Partnering with large corporations can often be foreign territory to startups. Many founders may have worked for large companies before so might have an idea of how things work inside, but on the other side of the coin things can be quite different.
We’ve put together a list of a few things startups need to make sure they’re prepared for before entering a partnership with big businesses.
1. Sufficient Investment
Having enough investment as a startup is key to survival – especially when working with large companies. Corporate partnerships can take a lot of time to complete, long enough that a small startup could run out of money. It is important you plan your financials for the longest potential time possible and don’t underestimate how long it will take to finalize your partnership.
Not only that, but having enough investment to cope with the prospect of rapid scaling is also important. Corporate clients can put a strain on startup resources, for example things such as servers and development. Having enough investment will prevent you from crumbling under the weight of a huge company and keep up with the needs of your partner.
2. More than one lead
Running your sales with just one lead is never the right thing to do. Leads fall through all the time so relying on just one can be an obvious problem. You don’t want your one lead to fall through and be left with no one to sell to at all! Different companies also have different processes which means a variety in the length of the sales cycle. Some may take a very, very long time so being able to close some beforehand will be beneficial and allows you to continue using your efforts wisely.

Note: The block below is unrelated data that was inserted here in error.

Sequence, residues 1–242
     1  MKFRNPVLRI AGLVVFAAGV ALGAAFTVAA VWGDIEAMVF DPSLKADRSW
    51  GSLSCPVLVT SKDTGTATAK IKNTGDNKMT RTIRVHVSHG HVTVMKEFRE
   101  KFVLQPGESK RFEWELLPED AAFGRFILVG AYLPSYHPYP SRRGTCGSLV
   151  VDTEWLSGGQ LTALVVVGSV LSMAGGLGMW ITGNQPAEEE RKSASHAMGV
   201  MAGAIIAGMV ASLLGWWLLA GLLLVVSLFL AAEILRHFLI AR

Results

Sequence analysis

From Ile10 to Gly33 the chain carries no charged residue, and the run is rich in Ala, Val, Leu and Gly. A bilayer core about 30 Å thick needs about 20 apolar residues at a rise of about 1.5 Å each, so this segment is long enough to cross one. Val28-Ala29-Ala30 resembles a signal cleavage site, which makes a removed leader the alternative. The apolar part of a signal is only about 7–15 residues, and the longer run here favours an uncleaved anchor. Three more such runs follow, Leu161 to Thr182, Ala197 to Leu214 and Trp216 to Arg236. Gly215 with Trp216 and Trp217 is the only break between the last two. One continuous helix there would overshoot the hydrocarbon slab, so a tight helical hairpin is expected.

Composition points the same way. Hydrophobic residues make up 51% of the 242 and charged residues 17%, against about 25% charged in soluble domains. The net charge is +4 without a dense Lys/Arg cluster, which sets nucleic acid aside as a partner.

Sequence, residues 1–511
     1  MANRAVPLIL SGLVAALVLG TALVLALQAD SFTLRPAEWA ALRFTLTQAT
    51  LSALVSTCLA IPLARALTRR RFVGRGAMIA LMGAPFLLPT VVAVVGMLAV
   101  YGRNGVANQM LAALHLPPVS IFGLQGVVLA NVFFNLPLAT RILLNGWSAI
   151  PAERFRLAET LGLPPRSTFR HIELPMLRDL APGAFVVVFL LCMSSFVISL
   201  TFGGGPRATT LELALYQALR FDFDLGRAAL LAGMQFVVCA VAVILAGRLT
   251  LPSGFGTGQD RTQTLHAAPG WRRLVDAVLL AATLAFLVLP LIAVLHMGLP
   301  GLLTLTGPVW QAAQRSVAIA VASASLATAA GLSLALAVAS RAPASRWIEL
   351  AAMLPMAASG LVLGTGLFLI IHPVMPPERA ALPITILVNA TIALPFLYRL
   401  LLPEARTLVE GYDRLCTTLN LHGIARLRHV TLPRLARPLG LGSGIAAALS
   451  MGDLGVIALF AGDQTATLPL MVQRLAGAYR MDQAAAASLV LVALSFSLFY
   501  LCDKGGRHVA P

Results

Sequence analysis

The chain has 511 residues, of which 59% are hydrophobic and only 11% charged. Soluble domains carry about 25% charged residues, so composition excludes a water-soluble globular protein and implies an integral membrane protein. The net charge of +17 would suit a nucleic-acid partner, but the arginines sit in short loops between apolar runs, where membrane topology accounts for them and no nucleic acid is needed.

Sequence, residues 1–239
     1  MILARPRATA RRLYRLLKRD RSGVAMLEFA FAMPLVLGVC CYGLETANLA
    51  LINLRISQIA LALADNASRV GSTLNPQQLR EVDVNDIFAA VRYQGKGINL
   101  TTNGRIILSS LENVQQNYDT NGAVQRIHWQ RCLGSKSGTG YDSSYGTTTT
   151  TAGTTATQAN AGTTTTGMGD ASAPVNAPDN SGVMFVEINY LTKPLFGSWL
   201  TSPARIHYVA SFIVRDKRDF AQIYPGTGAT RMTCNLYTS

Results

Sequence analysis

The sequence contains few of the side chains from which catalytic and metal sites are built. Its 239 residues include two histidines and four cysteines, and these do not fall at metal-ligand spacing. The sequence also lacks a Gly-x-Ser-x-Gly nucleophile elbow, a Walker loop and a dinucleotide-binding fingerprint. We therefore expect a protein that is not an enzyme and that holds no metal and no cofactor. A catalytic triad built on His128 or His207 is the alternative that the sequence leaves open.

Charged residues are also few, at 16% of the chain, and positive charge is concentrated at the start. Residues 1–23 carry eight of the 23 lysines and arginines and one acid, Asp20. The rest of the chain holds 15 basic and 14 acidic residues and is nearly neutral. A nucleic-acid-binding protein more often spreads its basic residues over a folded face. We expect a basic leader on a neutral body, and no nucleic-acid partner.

3. Make sure everyone wants it
Sell to every department! Just because the marketing team love your new software doesn’t mean that the tech guys will. Anyone involved in the process can stall or stop it completely if they don’t like what you are doing. Bring everyone who “touches” the product into the sales process and get them on board if you want to have a smoother sailing experience. Many often forget that it is not just the main user of your product that can stop your sale – there are multiple people involved all over the company who can do just that.
4) Have one key point of contact in your company
Give your potential partners a go-to guy or gal in your startup. If they have a question or an update for you it should automatically go to that person. This allows you to build a personal relationship through familiarity and means that there is one person in your company who knows exactly what is going on during the partnership process who can provide accurate updates.
5) Find your champion
Having a champion within your potential partnership company can make your life a lot easier aiding your process by promoting you internally. People within the company are more likely to trust a familiar face than a stranger from a startup making it easier for a champion to promote your ideas as good ones.
6) Know your price – no freebies!
Don’t give away anything for free otherwise you will never know if your product is actually of value. People will always say yes to something free if they think it’s even a little bit cool or interesting. Products of true value need a price and corporations agreeing to that price also show their committal to your deal.
And don’t undersell yourself. Going too cheap can be just as bad as giving your product away for free. Too expensive might stop your deal from happening so make sure you test the waters across multiple clients to find your right price point – and don’t be afraid to increase this if your credibility starts to rocket!
7) Don’t go into meetings blind
This may seem like one of the most obvious points on the list but knowing your product before heading into meetings is crucial. But it isn’t about just knowing what your product can do, but knowing specifically how your product can help that individual you are talking to. Know their problems, know their figures and targets, most importantly know how your product improves all these situations for them. Research, research, research. And research again for each individual prospect.
Got any more tips for startups? Share them below!